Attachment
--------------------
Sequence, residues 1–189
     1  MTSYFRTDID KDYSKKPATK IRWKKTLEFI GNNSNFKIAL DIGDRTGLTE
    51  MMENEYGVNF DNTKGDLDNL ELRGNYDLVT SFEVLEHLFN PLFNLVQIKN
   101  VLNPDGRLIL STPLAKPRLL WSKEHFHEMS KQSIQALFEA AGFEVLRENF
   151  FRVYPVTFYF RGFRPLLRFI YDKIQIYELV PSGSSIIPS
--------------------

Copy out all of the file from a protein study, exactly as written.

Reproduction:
Sequence, residues 1–189
     1  MTSYFRTDID KDYSKKPATK IRWKKTLEFI GNNSNFKIAL DIGDRTGLTE
    51  MMENEYGVNF DNTKGDLDNL ELRGNYDLVT SFEVLEHLFN PLFNLVQIKN
   101  VLNPDGRLIL STPLAKPRLL WSKEHFHEMS KQSIQALFEA AGFEVLRENF
   151  FRVYPVTFYF RGFRPLLRFI YDKIQIYELV PSGSSIIPS